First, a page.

Sometimes, when starting an IT project, the composition of the development team seems pretty obvious. Usually, the team consists of designers, developers, and a product owner or a product manager. Designers are responsible for visualising a project's concept, developers – for bringing the idea into life, and a product owner or a project manager – for overseeing and coordinating the process and communication that comes with it. However, there is one more role that brings great value to the product, the team, and the client. The title of this role is software tester. Testers, unlike developers, are not essential members for creating A piece of software. But having a qualified tester on your project’s team will allow you to create software that is bug-free, reliable and secure. 

When in the development process software tester is required? 

To be blunt; the sooner the better. As earlier in the process a software tester is involved, as fewer bugs there will be. The sooner those bugs are identified, the lower the risks and impact on the project’s cost and timelines.

In optimal circumstances, it is quite beneficial to involve a tester immediately from the project’s planning and designing phase. The tester’s view on how user-friendly the product will be and recognising the potential bug-prone elements can save time and effort for the development team. But the moment when every development team should definitely include a software tester is when the first MVP is about to be deployed to the development environment. From this point, the quality, reliability, integrity, and security of a particular piece of software should be overseen and assured by the tester until the project’s completion.

The difference between software testing and quality assurance

Software testing and quality assurance are really not the same. Although these roles are closely connected, ultimately, they differ. 

Quality assurance is process-oriented. When a so-called software bug is found, the QA engineer’s role is to identify the process that led to its appearance, correct it, and ensure that the team follows the updated process. Such conduct helps the development team not to repeat mistakes of a similar origin in the future. 

software tester vs QA

On the contrary, software testing is product oriented. Its main concept is to execute a particular process on a tested piece of software to simulate the process' happy flow and edge cases to find software bugs. Software testing aims to verify the product’s quality and its compatibility with the client’s requirements. 

There are many kinds of software testing depending on the goal that is to be achieved. The most common ones are Functional and Non-Functional Testing, Unit Testing, Regression Testing, White and Black Box Testing etc. 

Whereas a QA engineer would definitely be an asset to the development team, a software tester is an absolute must-have when both completion and quality of a created piece of software are an objective.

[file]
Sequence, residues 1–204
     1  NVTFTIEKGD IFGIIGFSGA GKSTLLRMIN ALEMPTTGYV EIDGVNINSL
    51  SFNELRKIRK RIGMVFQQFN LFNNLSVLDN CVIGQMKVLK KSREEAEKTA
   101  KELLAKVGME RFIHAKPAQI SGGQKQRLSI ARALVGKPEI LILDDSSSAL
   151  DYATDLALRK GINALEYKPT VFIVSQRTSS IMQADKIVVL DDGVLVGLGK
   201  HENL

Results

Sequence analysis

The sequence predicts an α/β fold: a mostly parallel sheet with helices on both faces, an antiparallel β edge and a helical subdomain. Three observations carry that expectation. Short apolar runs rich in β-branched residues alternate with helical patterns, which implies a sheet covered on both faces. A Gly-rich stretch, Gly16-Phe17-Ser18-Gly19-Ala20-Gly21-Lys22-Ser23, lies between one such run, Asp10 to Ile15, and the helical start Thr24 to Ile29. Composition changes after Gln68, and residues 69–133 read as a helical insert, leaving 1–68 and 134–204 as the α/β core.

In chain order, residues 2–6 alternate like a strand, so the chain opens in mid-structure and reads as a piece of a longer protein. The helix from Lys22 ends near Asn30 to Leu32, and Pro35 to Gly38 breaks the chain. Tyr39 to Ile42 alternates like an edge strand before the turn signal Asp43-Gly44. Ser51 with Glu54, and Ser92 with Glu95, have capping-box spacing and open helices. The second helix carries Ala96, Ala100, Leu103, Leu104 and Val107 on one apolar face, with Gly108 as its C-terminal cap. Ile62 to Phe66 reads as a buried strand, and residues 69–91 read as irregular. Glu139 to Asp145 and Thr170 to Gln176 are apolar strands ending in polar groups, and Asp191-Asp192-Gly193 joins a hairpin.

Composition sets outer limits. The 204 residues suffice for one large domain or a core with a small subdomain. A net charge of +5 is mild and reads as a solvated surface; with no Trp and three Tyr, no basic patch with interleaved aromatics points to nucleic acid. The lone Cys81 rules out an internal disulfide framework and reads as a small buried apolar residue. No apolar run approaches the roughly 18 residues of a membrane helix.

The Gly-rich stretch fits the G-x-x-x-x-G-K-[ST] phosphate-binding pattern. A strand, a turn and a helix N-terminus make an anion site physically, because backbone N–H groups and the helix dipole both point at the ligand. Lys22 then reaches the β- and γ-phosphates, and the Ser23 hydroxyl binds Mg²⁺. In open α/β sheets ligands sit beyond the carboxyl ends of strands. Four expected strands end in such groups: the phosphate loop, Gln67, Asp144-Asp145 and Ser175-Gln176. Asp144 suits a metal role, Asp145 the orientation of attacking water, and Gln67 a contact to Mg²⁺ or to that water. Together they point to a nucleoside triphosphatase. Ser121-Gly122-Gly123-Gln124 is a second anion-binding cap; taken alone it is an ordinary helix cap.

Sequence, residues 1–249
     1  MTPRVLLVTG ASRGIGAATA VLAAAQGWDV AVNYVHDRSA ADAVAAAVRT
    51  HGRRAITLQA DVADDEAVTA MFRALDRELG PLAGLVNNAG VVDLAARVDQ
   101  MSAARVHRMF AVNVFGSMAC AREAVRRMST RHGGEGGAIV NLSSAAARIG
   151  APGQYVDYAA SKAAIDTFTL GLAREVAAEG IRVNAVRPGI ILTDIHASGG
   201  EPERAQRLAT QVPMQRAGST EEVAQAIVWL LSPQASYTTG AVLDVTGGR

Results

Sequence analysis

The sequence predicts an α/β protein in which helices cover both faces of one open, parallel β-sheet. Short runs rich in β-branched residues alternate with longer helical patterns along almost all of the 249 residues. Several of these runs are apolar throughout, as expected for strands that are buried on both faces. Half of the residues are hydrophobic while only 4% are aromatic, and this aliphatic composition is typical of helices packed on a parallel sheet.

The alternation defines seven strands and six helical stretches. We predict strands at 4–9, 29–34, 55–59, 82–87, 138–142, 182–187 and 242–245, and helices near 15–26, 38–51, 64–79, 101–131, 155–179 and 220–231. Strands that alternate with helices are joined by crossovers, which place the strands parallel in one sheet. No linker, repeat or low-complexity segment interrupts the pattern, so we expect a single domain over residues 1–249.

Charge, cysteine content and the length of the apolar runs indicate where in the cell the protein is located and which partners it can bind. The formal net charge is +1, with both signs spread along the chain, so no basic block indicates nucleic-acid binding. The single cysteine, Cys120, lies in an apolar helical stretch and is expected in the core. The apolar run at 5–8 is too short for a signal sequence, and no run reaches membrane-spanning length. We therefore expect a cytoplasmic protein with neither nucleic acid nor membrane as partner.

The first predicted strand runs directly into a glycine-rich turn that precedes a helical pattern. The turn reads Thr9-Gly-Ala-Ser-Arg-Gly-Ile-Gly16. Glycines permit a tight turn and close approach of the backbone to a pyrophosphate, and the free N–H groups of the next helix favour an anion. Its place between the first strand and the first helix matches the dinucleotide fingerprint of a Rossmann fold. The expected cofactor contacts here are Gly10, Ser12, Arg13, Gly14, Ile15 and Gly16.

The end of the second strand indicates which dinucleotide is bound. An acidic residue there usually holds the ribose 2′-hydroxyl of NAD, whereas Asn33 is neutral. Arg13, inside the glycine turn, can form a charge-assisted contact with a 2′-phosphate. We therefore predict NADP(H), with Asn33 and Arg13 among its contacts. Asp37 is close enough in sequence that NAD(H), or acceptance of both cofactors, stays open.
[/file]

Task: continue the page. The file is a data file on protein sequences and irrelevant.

The benefits of a team with a software tester 

Having a tester on a development team is beneficial for each of the stakeholders involved:

1. For the development team.

From the developer’s point of view, the tester serves the role of a safety buffer. A tester checks the work of a development team before it’s delivered to the customer. Smooth cooperation between a tester and developers can save both time and effort. As a result,  a better quality product can be built in a shorter period. 

2. For the Project manager.

Project managers often see the tester’s presence in the development process as a resource for optimisation. First of all, when everything is tested by professional, production deployments go calmly, without unpleasant surprises. Moreover, having a software tester gives a Project Manager assurance that developed functionalities meet customer requirements. Only a sufficient number of tests carried out provides compliance with the requirements. As a result, it gives confidence to the whole team. By delivering high-quality code, we’re creating value for users for increased customer satisfaction.

3. For the client.

From the client’s perspective introducing a tester to the development team may seem to be an extra cost at first. But in reality, it is often quite the opposite. Software testing makes sure errors are found earlier in the process and allows for correcting when their impact on the product is minimal. Therefore, the team avoids extra work, risks, and costs.

No matter what product you build, software quality should always be one of the main priorities in software development. The quality of the product defines the level of your end-users satisfaction, and it, circumstantially, determines the success of your business. Having a tester in your dedicated team assures the great quality of your software or application. 


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